Popular story has it that a custom officer was obsessed with finding out what the old man was hiding, as he crossed the border every day with a donkey loaded with hay. Never able to discover anything unusual in the forage, one day he announces:

– I have just retired and I have no authority any more, but I will not die in peace if I do not get to know what your business really is.

– It’s easy, -replies the old man- I smuggle donkeys.

With a similar zeal, diplomats, international bureaucrats and NGO activists are scrutinizing every line of the draft that summarizes several months of preparatory “conversations” about what should be the Sustainable Development Goals (SDGs) to be achieved in the coming fifteen years. In 2012, the heads of State and government met in Brazil, in a conference named “Rio +20” as it was held two decades after the historic “Earth Summit.” They agreed on the convenience of having these SDGs and commissioned a working group of thirty countries to define them.

The result of eight meetings of this group is what the draft is about. The document hasn’t got an official UN number yet, nor the signature of the co-chairs of the group, ambassadors Macharia Kamau of Kenya and Csaba Kőrösi of Hungary, but it is available on the website of the United Nations* which means that its official release is imminent.

Intergovernmental negotiations will begin once this summary is published and while they can change the text, it is very difficult for new issues to be included if they are not in the draft. Discussions will be arduous around those points that are incorporated but already identified as conflictive.

The eradication of hunger and extreme poverty are obviously included, as well as universal access to basic health, education, water, sanitation and “modern energy,” to the satisfaction of the respective campaigns.

There is also mention of “sustainable cities” and “sexual and reproductive rights”, but in both cases discordant opinions are recorded, anticipating lack of consensus on the substance of those issues or on their relevance as development goals.

In some key issues, the summary of the co-chairs is particularly shy. Peace, for example, is treated only in relation to States weakened by internal conflicts and the word “crisis” is absent from the document. Global financial instability is not mentioned and debt only appears as a problem for the poorest countries.

The search for what is included and what is missing on the thirty pages of the draft of the co-chairs will intensify in the coming days and corrections may still be included in the current draft, but in delving into these details we should not, like the customs officer, lose sight of the essential: the great innovation proposed is not in the goals but on who bears the task of achieving them.

In the Millennium Development Goals, which expire in 2015, the eighth goal, called for a Global Partnership for Development and clearly described the responsibility of developed countries to contribute with aid, fairer trade rules, technologies, and a solution to the external debt problems.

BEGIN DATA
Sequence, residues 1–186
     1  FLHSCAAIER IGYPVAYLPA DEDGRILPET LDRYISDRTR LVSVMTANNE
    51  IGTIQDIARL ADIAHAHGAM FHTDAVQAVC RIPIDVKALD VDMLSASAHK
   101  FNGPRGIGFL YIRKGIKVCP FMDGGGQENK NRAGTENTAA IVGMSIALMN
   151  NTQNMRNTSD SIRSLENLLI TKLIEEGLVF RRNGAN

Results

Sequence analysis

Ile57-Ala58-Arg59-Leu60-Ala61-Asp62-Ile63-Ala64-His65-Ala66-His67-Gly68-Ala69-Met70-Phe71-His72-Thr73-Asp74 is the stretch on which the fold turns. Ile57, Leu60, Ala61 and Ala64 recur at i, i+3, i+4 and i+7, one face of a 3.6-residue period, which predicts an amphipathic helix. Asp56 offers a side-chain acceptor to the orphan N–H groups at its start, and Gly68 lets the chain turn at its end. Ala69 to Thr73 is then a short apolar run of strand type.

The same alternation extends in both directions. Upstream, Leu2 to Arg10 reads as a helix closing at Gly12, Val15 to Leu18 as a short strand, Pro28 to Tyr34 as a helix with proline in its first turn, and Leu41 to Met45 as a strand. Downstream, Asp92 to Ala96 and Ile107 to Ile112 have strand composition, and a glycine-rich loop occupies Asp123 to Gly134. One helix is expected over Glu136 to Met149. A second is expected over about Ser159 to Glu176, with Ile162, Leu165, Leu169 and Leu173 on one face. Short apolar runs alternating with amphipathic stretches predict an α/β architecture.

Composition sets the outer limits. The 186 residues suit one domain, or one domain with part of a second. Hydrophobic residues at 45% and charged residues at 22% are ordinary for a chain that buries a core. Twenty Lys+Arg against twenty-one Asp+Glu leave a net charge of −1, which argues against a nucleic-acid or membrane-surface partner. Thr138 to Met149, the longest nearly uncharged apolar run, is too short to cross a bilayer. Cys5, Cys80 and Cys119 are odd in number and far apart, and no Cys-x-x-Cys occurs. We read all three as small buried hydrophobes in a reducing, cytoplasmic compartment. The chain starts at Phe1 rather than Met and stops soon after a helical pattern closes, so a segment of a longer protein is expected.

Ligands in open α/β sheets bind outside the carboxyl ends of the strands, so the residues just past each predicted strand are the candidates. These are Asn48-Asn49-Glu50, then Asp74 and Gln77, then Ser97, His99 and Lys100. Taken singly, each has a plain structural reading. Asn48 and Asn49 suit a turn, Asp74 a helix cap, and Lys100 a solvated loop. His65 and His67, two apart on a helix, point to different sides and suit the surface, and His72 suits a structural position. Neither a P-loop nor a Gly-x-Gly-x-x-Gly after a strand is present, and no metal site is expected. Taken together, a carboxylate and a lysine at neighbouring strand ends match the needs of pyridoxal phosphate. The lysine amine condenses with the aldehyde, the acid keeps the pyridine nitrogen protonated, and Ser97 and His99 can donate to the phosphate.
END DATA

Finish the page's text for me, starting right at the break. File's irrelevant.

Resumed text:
These promises were not dated and are far from being fulfilled, but at least you know what to claim and from whom. Now, with the systematic addition of a plural and obviating the capital letter this Partnership is transformed into multiple “partnerships” and they are not any more between rich and poor nations but between governments, multilateral agencies and large multinational corporations.

The actors of civil society have certainly a role to play and the expansion of public participation is essential for sustainable development, from the local to the global, but the United Nations is primarily an intergovernmental forum. A pact between governments that might now be replaced by “partnerships” (plural) a term constantly associated in the document with “stakeholders”. In the already existing “partnerships” incubated by the United Nations, Coca Cola is a “stakeholder” in promoting women, MasterCard is a “stakeholder” in education and Morgan-Chase Bank in “energy for all”.

The SDGs could become the smuggler in legitimizing without proper scrutiny the irruption of corporations in global decision-making, implementation and monitoring. These “partnerships” dilute and weaken the responsibility of the states, which are no longer in the center of the action, and they reinforce power asymmetries. Corporations have already acquired through bilateral investment agreements the right to sue states in supranational tribunals (and not through the constitutional justice) and are now candidates to receive official development assistance and sit in the forums where rules are negotiated, at the expense of national (and popular) sovereignty, democracy and human rights.

It is not too late to avoid it.

* http://sustainabledevelopment.un.org/content/documents/3238summaryallowg.pdf

by Roberto Bissio.

English translation of the column published last February 21 by “Agenda Global“, a supplement of La Primera, daily newspaper of Lima, Perú.